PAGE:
International Development Law Organization

Women judges on justice for women

15 May 2017

“We are privileged to protect the rights of all women, but especially those who are the most vulnerable, who are poor, who have no voice, and who […] put their lives in our hands,” opened Judge Susana Medina de Rizzo of the Superior Court of Justice of Entre Rios, Argentina, and President of the International Association of Women Judges (IAWJ) at a roundtable organized by IDLO and IAWJ in The Hague. The event, Women’s Access to Justice: Lessons, Models and Emerging Issues, convened professionals working in the justice sector from around the world including judges, lawyers at international tribunals and other legal organizations, government and non-governmental representatives.

Drawing from country and global experiences, the discussions explored the continuing challenges women face in accessing justice and why they continue to persist, the emerging gender issues that have come forth in recent years, and lessons and models to use to ensure fair justice outcomes for women and girls.

The panellists shared examples from their own work on topics ranging from domestic violence, sexual and gender based violence, gender biases in court, child marriage, discriminatory criminal laws, lack of gender sensitivity amongst the police and the many other vulnerable situations women encounter around the world, especially if they hope to seek legal remedies. “When a woman makes the decision to litigate a matter in court, she is taking a life risk that may jeopardize the well-being of her family,” said Faustina Pereira, IDLO’s Director of Global Initiatives. 

The discussions revealed an important pattern illustrating that many challenges are not related to the law only, but also to the mindsets influencing formal and informal judicial structures, gender stereotypes and customs embedded in the fabric of society, as well as weak linkages within the whole of the justice chain as well as with other services.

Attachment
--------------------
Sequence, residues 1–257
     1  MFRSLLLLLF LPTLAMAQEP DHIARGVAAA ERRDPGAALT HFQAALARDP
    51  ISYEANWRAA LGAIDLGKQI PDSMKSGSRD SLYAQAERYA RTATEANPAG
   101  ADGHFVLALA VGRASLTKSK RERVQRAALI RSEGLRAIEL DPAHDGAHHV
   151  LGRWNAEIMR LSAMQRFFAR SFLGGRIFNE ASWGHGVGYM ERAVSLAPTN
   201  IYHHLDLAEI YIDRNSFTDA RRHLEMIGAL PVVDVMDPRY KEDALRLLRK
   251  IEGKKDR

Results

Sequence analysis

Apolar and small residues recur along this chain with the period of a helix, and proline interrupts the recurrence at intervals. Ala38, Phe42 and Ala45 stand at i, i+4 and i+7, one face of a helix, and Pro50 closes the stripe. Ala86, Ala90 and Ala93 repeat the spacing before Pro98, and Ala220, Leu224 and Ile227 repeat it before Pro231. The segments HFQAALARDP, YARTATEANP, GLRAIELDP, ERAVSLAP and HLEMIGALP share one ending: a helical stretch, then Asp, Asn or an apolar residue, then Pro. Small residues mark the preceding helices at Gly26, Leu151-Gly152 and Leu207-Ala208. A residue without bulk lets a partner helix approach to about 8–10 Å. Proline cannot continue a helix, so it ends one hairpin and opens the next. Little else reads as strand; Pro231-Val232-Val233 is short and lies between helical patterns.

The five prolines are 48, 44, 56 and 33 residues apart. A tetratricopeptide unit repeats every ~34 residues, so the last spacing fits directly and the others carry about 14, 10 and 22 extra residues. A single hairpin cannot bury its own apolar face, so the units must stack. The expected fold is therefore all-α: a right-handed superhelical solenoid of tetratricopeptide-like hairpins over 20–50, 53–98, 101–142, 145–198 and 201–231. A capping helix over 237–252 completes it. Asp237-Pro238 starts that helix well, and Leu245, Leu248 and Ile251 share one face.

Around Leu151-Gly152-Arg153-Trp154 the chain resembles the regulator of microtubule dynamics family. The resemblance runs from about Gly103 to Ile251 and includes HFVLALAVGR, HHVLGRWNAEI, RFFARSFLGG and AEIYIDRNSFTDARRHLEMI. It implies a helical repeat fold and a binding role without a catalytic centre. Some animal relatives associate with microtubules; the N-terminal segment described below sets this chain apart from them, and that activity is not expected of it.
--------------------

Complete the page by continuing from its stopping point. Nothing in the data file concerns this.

“You can have the best laws on the books, but if they’re not implemented or understood, even the best laws can be useless,” remarked Judge Vanessa Ruiz of the District of Columbia Court of Appeals and President-elect of IAWJ.

As women make up a disproportionate number of vulnerable groups, participants agreed that it is not sufficient for laws to be non-discriminatory. To advance women’s access to justice, there must be comprehensive initiatives to foster inclusion and to apply the law in a way that is sensitive to the needs of women.

The roundtable went beyond mechanisms and programs to implement in addressing gender injustices but also discussed the gender perspective on solving problems. After hearing about the many models developed by women justice professionals, the Honorable Judge Robyn Tupman, District Court of New South Wales, Australia, stated what emerged clearly during the discussion: “If you want something done, turn to women judges.”

With reference to IDLO’s Gender Pledge and programming experience, IDLO’s Senior Gender Advisor Rea Chiongson commented, “We see supporting women justice professionals as a priority.” She highlighted IDLO’s work, such as in Afghanistan and Tunisia, to identify barriers women justice professionals face and support their effective participation in justice delivery. 

IDLO’s upcoming Gender Strategy will build upon UN Sustainable Development Goals 16 and 5, particularly as it prioritizes the participation of women in the justice sector as a specific development goal and as a catalyst for accessing justice.

The discussions also highlighted that women’s access to justice means more than criminal justice, or simply going to court, it involves enabling women to be able to claim a whole range of goods and services through a variety of dispute resolution mechanisms, including locally.  “Women’s access to justice doesn’t always mean going to court. Sometimes justice is found at the community level,” Ms. Chiongson continued.

This means that there are many opportunities to promote women throughout the justice chain as legislators, police officers, prosecutors, community leaders and judges. With increased women’s participation, pathways for women’s access to justice can become more accessible. Judge Ruiz summarized, “The faces of justice have to reflect the people they are sworn to protect.”

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